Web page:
Aug 06, 2019

Daniel Stewart's Tip of the Month: Mirror Mirror

Teamwork makes the dreamwork. USEA/Kate Lokey Photo.

You're a mirror. I’m a mirror. We’re all mirrors, but not in the normal “who’s the fairest of them all” kind of way. In sport psychology, mirroring refers to the tendency for people to reflect - or copy - the actions, attitudes, beliefs, and behaviors of those around them. The idea behind mirroring is that everyone we meet is a mirror, and if we’re not careful, our actions and reactions might begin to reflect what we see in others, even if those traits are negative. For example, when you hang out with people who gossip, there’s a pretty good chance you’ll begin to mirror their gossipy attitude (you reflect what you see in their mirror). Luckily, mirroring can also work in a positive way, like when you begin to become more confident because you begin spending time with confident and upbeat people (you mirror what you see in them).

It’s easy to see that mirroring can be used for good or evil. People (mirrors) who reflect negative attitudes and behaviors are called broken mirrors. Doubting yourself, becoming a quitter, or blaming mistakes on others are all examples of negative actions and attitudes that you can unintentionally reflect from broken mirrors. On the other hand, reflecting the positive actions seen in good mirrors, like finishing strong after a slow start, maintaining a sense of humor at a time when you might normally be cranky, and expressing gratitude to your trainers and coaches can ultimately help you become the best version of yourself. In the end, it’s up to you. You can either reflect the positive or the negative actions and attitudes that you see in the mirrors around you.

The idea of mirroring is also referred to as a social contagion because actions, attitudes, beliefs, and behaviors are said to be contagious, meaning when you hang out with gossipy riders, there’s a good chance you’ll catch a little of what they have, or when you hang out with confident riders you’ll catch a little of what they have. Again, the choice is yours. Either you decide to catch the positive or the negative, the good or the bad.

Taking all this into consideration, it’s clear that mindfulness plays an important role in who you become. By simply becoming mindful of the kind of mirrors you chose to reflect, you’ll improve the chance of developing the actions, attitudes, beliefs, and behaviors that you find most useful and admirable while avoiding the traits you feel are detrimental to your success.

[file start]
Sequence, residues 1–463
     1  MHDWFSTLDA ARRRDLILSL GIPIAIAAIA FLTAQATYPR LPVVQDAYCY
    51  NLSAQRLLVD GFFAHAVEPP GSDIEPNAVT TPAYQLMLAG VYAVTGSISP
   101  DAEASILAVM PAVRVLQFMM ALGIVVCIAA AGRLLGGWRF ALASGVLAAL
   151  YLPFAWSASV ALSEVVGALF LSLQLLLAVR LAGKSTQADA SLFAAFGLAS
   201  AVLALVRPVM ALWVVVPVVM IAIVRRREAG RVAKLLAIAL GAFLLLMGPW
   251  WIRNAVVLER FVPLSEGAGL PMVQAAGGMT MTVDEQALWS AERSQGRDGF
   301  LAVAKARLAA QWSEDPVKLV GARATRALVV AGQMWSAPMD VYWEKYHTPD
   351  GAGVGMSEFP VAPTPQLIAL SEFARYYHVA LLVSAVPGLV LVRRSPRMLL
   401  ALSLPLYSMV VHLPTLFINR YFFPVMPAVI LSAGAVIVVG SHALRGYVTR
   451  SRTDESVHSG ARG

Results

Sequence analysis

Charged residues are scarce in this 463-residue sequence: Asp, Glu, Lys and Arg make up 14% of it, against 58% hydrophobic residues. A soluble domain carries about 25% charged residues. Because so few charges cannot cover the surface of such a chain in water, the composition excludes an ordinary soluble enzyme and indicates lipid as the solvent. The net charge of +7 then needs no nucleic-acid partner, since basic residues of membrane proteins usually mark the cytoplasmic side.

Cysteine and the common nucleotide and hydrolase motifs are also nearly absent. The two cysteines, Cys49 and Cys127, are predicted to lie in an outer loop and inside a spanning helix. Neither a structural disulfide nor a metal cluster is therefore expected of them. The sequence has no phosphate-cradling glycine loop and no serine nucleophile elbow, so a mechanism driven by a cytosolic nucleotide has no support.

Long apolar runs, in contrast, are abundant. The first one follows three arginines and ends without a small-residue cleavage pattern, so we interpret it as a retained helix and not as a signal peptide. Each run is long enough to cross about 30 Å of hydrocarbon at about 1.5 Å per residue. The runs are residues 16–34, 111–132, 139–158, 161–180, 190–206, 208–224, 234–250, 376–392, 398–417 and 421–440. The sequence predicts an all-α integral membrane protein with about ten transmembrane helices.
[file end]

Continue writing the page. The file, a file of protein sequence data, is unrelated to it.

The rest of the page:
In addition to avoiding broken mirrors (and refusing to reflect what you see in them), remember that you’re also a mirror. So, instead of simply avoiding broken mirrors, why not spend a little time reflecting the kind of positive actions and emotions you’d like them to mirror. Confidently accepting responsibility for a mistake instead of blaming it on your horse is a good example of a positive trait that you can help others mirror in their own riding.

So this month, spend a little time thinking about the kind of mirrors that surround you, and the kind of mirror you’d like to become for those around you, and always remember these words: Mirror mirror on the wall, I’ll always get up after I fall, and whether I run, walk, or have to crawl, I’ll follow my dreams and catch them all!

Photo courtesy of Daniel Stewart.

I hope you’re enjoying my monthly tips and that I’ll get the chance to teach you in one of my 47 cross-cross-county, show jumping, and dressage clinics this summer, or that I’ll see you in my four-day Equestrian Athlete Training Camp at the IMG Elite Athlete Institute in Sarasota Florida, December 27-30. For more information click here.

Interested in sports psychology? Applications for the 2020 Worth the Trust Sports Psychology Scholarships are now available and are due on October 7, 2019. For more information, please contact Nancy Knight, (703) 669-9997.

Sep 22, 2020 Profile

Now On Course: Jennarose Ortmeyer Shoots for the Stars

My road to success is a bit different and quite a bit longer than most. Hi, my name is Jennarose Ortmeyer. I am 24 years old and my eventing journey started three years ago in the summer of 2017. Originally from Saint Louis, Missouri, I moved to North Carolina in June of 2017 seeking to further my career. I was a professional in the hunter/jumper world then and I hadn’t the faintest idea of how drastically my life was about to change.

Sep 21, 2020 Education

How Strong is Your Training Game?

How competitive have your Training results been? What’s a good dressage score? What scores could earn you a top finish? We’ve been taking a look at each USEA level and as we continue this series, EquiRatings offers some stats and graphs to help evaluate your Training game.

Sep 20, 2020 Competitions

Smith Wins CCI4*-S, CCI3*-S; Turner Takes CCI2*-S at Twin Rivers Fall International

The CCI4*-S had an exciting shake-up of the top placings to finish out the International divisions at the Twin Rivers Fall International. It was Tamie Smith and Passepartout, an 11-year-old German Sport Horse gelding (Pasco x Preschel) owned by Tamie's daughter Kaylawna Smith-Cook, who came out on top with the fastest cross-country time of the group. Ruth Bley’s 11-year-old Hanoverian gelding Danito (Dancier x Wie Musik) took second. Erin Kellerhouse and her own Woodford Reserve rounded out the top three.

Sep 20, 2020 Education

Foregut or Hindgut? That's The Question!

Knowing what sort of support your horse needs can be tough, but it can also make a big difference. There’s a lot of confusion between your horse’s foregut health and hindgut health. After all, the process of breaking down food and absorbing nutrients is all technically “digestion,” so isn’t it all the same? Not quite. The organs in the foregut and hindgut have different functions, and each area has unique health concerns.

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